Patients who developed stroke after MI were older, had previous hypertension, heart failure, diabetes, prior stroke, and LV dysfunction complicating their index MI (), in keeping with well established risk factors for stroke following MI. These observations reinforce that secondary prevention efforts should focus on identifying and treating these risk factors for stroke, prior to hospital discharge as opposed to routine pre-emptive anticoagulation of all anterior MI patients. For instance, ACE inhibitor 
and beta-blocker 
therapy after acute MI complicated by congestive heart failure or LV dysfunction has demonstrated a 15–20% relative risk reduction in mortality and cardiovascular morbidity within stable patients. Whether a specific class of antihypertensive therapy offers additional protection against stroke post-MI, particularly in prevention of atrial fibrillation, has yet to be determined 
A major strength of our study was the longitudinal analysis of medication use and consideration of relative indications for appropriate anticoagulation after index hospitalization, such as atrial dysrhythmia. We also considered relative contraindications to, and complications from, anticoagulation therapy, such as major bleeding that required hospitalization. Our research has some limitations that merit emphasis. Our study was a population-based cohort analysis, and as such has inherent limitations and survival bias associated with its retrospective nature and lack of randomization. As well, the elderly cohort of anterior MI patients who survived to hospital discharge may not represent the general post-MI population. Because we used administrative data to measure stroke outcomes, we were limited in the amount of clinical information regarding the nature of each outcome. For instance, left ventricular ejection fraction data was only available for approximately half of the entire EFFECT cohort. We cannot ascertain data on the development of conditions that did not require hospitalization, such as out-of-hospital atrial fibrillation, stroke or hemorrhage, which may have occurred over the 4 year period, and as such our study may be underpowered due to the limited number of stroke hospitalizations. Ischemic stroke etiologies vary, and may be from causes other than cardioembolism, such as large artery atherosclerosis or small-vessel lacunar disease. In addition, we cannot ascertain the appropriateness of warfarin therapy, intensity of anticoagulation, or compliance in individual patients. For instance, our observation that a significant proportion of warfarin users who developed stroke were concomitantly discharged on an antiarrhythmic agent or digoxin, may suggest that many of these patients developed atrial dysrhythmia, a well-known immediate post-MI complication, and may be appropriately anticoagulated. Finally, we cannot exclude a short-term benefit from anticoagulation during the acute hospitalization phase post-MI as the number, and information on the timing, of stroke prior to discharge is limited.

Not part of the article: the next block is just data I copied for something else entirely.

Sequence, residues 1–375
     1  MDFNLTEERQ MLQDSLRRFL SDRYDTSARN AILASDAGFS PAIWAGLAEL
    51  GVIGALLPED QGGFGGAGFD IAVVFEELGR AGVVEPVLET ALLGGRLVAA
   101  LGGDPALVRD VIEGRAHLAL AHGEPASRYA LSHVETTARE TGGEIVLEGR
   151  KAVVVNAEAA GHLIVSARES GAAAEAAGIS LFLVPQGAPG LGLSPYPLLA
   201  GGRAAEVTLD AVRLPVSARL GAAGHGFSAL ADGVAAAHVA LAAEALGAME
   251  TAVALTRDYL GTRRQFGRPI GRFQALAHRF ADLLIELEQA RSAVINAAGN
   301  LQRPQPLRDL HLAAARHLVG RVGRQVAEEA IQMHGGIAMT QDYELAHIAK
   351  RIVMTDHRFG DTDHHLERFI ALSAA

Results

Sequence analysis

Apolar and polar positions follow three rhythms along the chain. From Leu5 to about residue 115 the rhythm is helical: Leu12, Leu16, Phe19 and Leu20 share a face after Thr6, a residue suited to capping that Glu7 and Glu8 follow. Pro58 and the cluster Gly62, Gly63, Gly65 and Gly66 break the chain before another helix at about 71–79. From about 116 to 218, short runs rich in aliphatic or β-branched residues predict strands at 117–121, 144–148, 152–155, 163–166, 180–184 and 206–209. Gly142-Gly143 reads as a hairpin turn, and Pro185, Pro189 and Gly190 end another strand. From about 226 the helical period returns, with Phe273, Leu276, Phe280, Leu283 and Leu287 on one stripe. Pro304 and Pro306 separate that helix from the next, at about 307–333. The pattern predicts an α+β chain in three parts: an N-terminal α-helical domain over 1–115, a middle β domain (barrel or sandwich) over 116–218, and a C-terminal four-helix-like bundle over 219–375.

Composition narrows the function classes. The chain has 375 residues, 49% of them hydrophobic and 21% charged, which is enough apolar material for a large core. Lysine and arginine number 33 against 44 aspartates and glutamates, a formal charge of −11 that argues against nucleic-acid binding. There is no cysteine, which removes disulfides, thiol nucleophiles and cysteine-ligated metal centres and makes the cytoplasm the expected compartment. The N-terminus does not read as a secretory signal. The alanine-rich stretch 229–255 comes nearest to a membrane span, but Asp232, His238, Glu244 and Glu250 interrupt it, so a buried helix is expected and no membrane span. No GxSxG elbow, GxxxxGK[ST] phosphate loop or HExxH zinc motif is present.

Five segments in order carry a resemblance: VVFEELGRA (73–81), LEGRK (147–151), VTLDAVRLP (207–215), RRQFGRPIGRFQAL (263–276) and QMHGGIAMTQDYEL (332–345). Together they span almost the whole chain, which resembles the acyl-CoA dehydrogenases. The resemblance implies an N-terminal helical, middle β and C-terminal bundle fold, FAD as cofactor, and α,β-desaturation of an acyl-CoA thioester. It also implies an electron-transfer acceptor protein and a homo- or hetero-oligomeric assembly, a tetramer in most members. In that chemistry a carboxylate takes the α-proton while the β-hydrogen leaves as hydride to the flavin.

In conclusion, among elderly patients who survive an anterior-wall MI, there may be no benefit from the routine use of warfarin up to 90 days post-MI in preventing ischemic stroke. Many practitioners still consider a large anterior-wall MI as high risk for potential LV thrombus formation and stroke. Our data would suggest that routine anticoagulation of patients with anterior-wall MI may not be indicated, although certain high-risk subgroups (e.g. documented LV thrombus or atrial fibrillation) may benefit from warfarin administration in this setting. Prospective randomized trials focusing on alternative antithrombin or antiplatelet strategies are needed to determine the best method for preventing this common and serious adverse outcome.